Mark Scott is a senior copywriter at AKQA. He studied for a BA in graphic design at Central St Martins, but focused on advertising, copywriting and art direction. He had a spell working in advertising, then landed a job at AKQA after presenting a series of mock banners.
Scott says that his background in advertising helps him see the difference between old and digital media. He says, ‘On the Web, everybody acts and interacts with the site. This means when you write you have to think about response.’ Although the skills stay the same, advertising on the Web is divided into different stages of communication. ‘If you are a writer,’ says Scott, ‘it’s important to keep in mind the bigger picture.’
Different from above-the-line advertising, Web copywriting is not only about creating awareness, but encouraging interaction. With the ability to calculate how many people have clicked on the sites (impressions), response to each page is actively monitored. Other ways of detecting the effectiveness of copy is to count how many people may have signed to newsletters or joined initiatives like free e-mail. ‘As a Web copywriter it’s much harder,’ he muses, ‘because you are under scrutiny and your performance can be measured on a day to day basis.’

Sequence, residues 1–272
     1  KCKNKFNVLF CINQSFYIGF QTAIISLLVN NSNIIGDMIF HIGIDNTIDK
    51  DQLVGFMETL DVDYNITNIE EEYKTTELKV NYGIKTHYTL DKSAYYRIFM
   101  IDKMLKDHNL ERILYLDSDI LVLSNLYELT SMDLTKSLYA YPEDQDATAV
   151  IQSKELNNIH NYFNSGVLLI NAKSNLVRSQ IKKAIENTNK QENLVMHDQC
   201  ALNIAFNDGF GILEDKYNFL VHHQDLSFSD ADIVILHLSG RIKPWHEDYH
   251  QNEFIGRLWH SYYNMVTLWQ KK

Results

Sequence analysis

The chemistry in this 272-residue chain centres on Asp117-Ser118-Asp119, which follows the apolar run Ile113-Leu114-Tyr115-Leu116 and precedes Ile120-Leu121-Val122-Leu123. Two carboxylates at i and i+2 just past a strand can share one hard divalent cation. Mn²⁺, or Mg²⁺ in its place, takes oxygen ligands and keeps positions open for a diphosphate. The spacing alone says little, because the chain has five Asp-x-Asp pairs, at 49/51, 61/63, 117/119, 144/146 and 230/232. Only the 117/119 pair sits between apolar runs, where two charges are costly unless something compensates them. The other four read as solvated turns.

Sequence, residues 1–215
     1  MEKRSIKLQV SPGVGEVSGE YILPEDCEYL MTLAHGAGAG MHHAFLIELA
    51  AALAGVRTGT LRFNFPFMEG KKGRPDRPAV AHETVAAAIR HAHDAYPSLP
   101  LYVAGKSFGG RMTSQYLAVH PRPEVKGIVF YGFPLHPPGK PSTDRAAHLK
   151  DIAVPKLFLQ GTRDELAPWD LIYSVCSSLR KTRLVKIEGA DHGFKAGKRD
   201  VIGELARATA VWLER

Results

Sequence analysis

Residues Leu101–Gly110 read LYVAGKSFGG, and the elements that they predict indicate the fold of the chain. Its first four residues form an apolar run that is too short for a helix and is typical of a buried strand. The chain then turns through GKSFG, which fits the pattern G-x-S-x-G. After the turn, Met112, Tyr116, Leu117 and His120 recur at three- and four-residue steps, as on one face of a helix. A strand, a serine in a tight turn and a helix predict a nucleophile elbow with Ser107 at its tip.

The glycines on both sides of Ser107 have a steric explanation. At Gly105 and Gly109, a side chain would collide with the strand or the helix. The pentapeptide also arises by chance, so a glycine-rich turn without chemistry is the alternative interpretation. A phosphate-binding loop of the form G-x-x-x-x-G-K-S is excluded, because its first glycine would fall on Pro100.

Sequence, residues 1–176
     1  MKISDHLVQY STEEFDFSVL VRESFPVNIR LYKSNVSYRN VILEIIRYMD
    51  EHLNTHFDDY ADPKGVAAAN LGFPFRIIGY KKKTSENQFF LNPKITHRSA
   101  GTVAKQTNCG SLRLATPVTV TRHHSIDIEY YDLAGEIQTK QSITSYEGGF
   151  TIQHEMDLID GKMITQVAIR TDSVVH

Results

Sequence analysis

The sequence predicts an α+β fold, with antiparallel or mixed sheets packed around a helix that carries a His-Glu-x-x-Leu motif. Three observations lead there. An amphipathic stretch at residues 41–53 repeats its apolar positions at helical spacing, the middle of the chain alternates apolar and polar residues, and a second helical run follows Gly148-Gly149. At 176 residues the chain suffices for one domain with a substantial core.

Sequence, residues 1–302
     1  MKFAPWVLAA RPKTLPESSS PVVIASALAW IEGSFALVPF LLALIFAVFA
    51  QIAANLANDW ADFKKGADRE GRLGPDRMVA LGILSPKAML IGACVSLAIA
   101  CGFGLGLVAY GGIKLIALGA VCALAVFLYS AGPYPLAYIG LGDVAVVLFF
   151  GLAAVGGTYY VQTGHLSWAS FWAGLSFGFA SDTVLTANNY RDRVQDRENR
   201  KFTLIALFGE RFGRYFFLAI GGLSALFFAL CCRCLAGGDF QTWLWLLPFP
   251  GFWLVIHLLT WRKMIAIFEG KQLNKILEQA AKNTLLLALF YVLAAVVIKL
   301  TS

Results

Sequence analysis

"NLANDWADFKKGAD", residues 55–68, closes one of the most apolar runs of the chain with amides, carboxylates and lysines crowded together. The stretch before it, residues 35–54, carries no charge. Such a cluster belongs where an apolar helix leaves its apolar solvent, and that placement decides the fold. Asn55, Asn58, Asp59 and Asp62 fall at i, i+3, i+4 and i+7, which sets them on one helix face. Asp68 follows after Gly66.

Working on sites such as the Mini (www.mini.com) and Durex (www.durex.com) allows Scott to think about copy not just stylistically but also in content. ‘I think copy on the Web is becoming much more editorial,’ he says. ‘We now include features, especially in newsletters and that allows the writing to develop.’
Another characteristic of Web copywriting is its use of interactivity. ‘You start with a banner, and then you click and enter into different stages,’ he says. ‘There are different levels of detail, and information is unrolled through stratification, so you can segment that information by grades and allow people to go deeper and deeper [into the website].’